Dr. Laura Evans hadn’t been gone long. Six months is all.

Yet when she returned to Bellevue Hospital in New York City, where she’d spent most of her career, she found it was both the same and foreign.

Evans is among the Seattle-area doctors who volunteered recently to treat patients in New York as it became the nation’s new epicenter of COVID-19, about a month after the first U.S. death was reported Feb. 29 in Kirkland.

She had been the head of critical care at Bellevue and is now the medical director for critical care at the University of Washington Medical Center. She had an idea of what to expect after seeing a surge of COVID-19 patients in Seattle earlier in the pandemic. But this was something else.

“Although we are quite used to critically ill patients, just the numbers and the acuity was really, really high,” Evans said. “You walk around this ICU space and there would be just patient, after patient, after patient, after patient, on a scale we definitely didn’t see here in Seattle.”

You walk around this ICU space and there would be just patient, after patient, after patient, after patient, on a scale we definitely didn’t see here in Seattle.

The national focus was initially on Washington state, which was the first to diagnose a case of COVID-19 in mid-January and reported the first death from the illness in the U.S. on Feb. 29. As the virus ripped through the Puget Sound region, hospitals were inundated with COVID-19 patients, forcing the state to ask for help.

Retired health-care workers returned to the front lines, and the state loosened requirements for doctors and nurses from other states to practice in Washington. The state Department of Health has approved more than 2,300 volunteers to work here, 43% of whom are from out of state.


Then, New York — particularly New York City — became a hot spot. New cases of the coronavirus known as SARS-CoV-2 began to explode there in the second half of March, quickly surpassing Washington’s numbers. And while new cases in New York City have recently been on a general decline, the nation’s most populous city still also has its greatest concentration of COVID-19, with more than 197,000 cases as of Sunday, including more than 20,000 deaths.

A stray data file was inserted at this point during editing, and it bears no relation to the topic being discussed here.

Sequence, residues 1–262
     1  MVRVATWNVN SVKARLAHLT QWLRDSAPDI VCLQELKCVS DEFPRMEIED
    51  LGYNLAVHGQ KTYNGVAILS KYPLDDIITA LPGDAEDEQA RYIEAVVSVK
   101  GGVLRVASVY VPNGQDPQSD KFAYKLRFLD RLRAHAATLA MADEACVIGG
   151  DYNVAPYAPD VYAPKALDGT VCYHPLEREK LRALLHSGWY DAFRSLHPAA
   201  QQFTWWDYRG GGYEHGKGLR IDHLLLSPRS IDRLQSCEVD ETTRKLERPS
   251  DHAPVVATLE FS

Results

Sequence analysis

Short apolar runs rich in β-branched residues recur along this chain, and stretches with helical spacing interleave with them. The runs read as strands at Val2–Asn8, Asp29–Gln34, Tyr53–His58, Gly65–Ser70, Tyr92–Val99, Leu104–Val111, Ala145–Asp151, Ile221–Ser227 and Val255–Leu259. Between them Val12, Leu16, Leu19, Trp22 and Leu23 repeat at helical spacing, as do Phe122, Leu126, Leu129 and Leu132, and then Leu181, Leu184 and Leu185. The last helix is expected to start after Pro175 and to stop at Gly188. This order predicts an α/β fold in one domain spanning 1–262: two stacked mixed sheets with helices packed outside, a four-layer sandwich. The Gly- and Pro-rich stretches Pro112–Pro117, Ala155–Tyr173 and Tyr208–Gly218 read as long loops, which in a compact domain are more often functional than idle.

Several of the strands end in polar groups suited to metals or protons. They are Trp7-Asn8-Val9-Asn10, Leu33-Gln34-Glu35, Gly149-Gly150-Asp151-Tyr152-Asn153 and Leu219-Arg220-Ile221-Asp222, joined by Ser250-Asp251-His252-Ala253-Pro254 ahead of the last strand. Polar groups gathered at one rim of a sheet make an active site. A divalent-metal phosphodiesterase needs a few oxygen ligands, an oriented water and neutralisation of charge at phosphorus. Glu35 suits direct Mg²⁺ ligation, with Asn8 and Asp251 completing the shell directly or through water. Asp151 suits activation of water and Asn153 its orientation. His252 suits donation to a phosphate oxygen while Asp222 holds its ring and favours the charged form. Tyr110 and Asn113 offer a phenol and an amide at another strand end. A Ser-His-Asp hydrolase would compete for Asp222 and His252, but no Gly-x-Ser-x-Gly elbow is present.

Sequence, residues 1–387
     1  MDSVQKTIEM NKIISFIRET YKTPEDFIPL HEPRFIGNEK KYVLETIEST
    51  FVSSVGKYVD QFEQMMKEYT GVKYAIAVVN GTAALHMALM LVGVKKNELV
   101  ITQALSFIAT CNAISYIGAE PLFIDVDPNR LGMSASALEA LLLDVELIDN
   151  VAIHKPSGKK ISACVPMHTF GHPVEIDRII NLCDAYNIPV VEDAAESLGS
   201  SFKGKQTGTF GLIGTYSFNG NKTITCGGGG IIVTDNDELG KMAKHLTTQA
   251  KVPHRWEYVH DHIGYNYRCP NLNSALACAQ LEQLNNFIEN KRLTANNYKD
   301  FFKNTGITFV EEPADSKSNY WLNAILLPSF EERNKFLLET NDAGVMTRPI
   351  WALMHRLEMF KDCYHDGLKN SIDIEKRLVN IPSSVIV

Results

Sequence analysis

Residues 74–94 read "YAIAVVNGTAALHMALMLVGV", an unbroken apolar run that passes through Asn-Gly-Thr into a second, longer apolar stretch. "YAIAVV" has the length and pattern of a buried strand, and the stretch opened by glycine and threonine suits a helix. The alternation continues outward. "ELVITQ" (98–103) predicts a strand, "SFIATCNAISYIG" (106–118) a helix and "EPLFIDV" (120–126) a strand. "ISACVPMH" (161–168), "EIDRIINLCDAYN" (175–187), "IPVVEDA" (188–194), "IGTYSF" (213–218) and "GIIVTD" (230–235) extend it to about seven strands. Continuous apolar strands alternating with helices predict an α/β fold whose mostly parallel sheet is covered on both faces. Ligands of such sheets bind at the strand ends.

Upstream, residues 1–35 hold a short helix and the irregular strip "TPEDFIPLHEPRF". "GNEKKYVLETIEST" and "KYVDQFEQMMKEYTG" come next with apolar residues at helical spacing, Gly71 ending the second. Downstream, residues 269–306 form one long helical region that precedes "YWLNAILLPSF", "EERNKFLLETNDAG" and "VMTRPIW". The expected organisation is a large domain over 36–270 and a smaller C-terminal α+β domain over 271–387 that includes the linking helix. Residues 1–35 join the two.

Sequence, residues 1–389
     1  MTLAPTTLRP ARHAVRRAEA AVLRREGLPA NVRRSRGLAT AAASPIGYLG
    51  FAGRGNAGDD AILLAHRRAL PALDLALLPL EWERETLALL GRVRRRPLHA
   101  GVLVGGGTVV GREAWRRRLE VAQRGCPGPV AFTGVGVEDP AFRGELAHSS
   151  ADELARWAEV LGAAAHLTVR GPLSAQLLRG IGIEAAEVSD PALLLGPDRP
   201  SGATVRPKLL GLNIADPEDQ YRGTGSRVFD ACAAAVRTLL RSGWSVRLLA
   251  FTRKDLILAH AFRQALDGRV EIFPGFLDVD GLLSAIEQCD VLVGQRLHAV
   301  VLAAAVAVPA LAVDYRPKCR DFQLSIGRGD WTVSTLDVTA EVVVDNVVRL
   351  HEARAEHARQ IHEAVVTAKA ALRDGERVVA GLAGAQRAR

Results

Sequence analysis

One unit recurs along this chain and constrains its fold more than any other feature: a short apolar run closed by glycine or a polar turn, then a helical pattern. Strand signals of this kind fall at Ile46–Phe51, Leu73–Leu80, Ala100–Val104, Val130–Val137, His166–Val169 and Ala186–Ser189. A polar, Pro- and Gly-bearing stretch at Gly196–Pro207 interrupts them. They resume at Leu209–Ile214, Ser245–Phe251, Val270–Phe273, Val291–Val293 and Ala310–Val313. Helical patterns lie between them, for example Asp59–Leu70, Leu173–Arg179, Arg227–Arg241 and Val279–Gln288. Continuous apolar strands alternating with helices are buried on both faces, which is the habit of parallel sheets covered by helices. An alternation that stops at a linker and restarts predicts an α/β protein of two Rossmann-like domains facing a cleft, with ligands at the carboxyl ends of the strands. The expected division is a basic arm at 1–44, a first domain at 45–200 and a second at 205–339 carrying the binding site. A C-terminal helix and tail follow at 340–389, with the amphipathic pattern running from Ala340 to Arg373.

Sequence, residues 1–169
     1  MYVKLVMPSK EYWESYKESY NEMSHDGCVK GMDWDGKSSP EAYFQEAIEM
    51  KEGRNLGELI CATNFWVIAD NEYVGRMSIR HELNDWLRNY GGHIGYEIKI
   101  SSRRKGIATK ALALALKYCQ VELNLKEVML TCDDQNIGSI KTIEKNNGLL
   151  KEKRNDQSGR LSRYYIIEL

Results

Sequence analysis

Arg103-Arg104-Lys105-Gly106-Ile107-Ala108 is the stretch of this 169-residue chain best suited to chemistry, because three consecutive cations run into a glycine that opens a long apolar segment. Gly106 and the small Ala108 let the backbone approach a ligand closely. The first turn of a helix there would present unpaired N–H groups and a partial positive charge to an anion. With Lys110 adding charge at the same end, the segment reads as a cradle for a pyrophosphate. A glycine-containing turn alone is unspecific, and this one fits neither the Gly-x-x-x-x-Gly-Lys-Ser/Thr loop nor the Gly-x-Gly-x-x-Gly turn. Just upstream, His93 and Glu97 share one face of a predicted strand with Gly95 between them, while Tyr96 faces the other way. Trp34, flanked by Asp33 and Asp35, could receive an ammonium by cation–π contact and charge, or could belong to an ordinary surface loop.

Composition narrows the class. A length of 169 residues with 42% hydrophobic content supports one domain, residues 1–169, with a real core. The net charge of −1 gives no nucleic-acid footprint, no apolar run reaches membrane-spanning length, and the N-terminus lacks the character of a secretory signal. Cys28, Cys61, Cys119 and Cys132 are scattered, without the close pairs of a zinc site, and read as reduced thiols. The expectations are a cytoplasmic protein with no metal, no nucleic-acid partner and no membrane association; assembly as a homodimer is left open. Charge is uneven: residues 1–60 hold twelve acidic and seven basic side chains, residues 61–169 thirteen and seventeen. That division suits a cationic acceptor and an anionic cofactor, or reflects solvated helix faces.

To bolster medical personnel in the city’s overwhelmed hospitals, New York state lawmakers also eased restrictions on doctors from other states. Health-care workers across the nation flocked there.

By mid-April, around the height of New York’s surge in diagnoses, about 2,000 health-care workers were volunteering at New York Health + Hospitals, the largest public hospital system in the nation, which includes Bellevue Hospital.

It was hell.

The situation was dire around that time, said Dr. Edward Rippe, a first-year resident at another New York Health + Hospitals facility, WoodHull Medical Center in Brooklyn.

Rippe, a 31-year-old from Shoreline, puts it bluntly: “It was hell.”

He was assigned to a makeshift ICU where patients were dying during every round he made. “Code Blue” calls for the resuscitation team rang out through the hospital’s intercoms hourly.


Rippe had come back to work after his own bout with COVID-19, diagnosed in the last week of March. He believes he contracted the virus after treating a patient with kidney issues, who divulged only after he treated her that she’d had a cough and fever a few days before. Rippe wasn’t wearing protective equipment, which was already in short supply.

He was away from work for only eight days. With so many patients coming in, and so many of his colleagues also getting sick, he says the need was too great for him to be gone for long.

Doctors from the Seattle area were able to travel to New York to help with the heavy caseloads only because the nation’s epicenter had shifted from here to there, said Dr. Vikram Padmanabhan, who works in pulmonary and respiratory care at UW Medicine’s Northwest Hospital.

Treating COVID-19 is “humbling,” Padmanabhan said. Evans, who worked on the same floor at Bellevue Hospital with Padmanabhan, said that while most doctors have thought about what pandemics might look like and what dealing with a surge of patients might be like, it’s different to be in it.

“Trying to figure out how to take the very best care of this volume of patients who are really sick and really in need of your help — and trying to very much do real-time, on-the-ground problem solving — was incredibly gratifying and incredibly challenging,” she said.


Because COVID-19 is unlike most other diseases, Padmanabhan said, doctors have to adjust how they care for people.

Typically, when treating gravely ill patients, a doctor can develop a relationship with them and their families. That isn’t easy with COVID-19. Patients on ventilators can’t speak with their doctors, who are hidden behind protective gear, and family members have to stay away to avoid exposure to the virus.

So, in New York, a volunteer nurse assigned to Padmanabhan’s ICU team would speak with every patient’s family daily to glean any information she could about their loved ones to share with the doctors.

From those conversations, Padmanabhan learned he was caring for a taxi driver, a jazz singer and a parent to four children.

“It made it easier to do the hard work, because this is more than physiology,” he said. “We were taking care of people.”

Those kinds of things draw humanity out of an inhumane situation, Rippe said.

“It is in times like this that we see how similar we all are,” Rippe said. “I’ve spoken to many family members over the phone who could not go into the hospital to see their loved ones. I’ve had to give bad news over the phone. I’ve arranged FaceTime visits for family to talk to loved ones whom they may never see again. Others had no one who called, and died alone. No one wants to die alone. We all desire to love and be loved.” 

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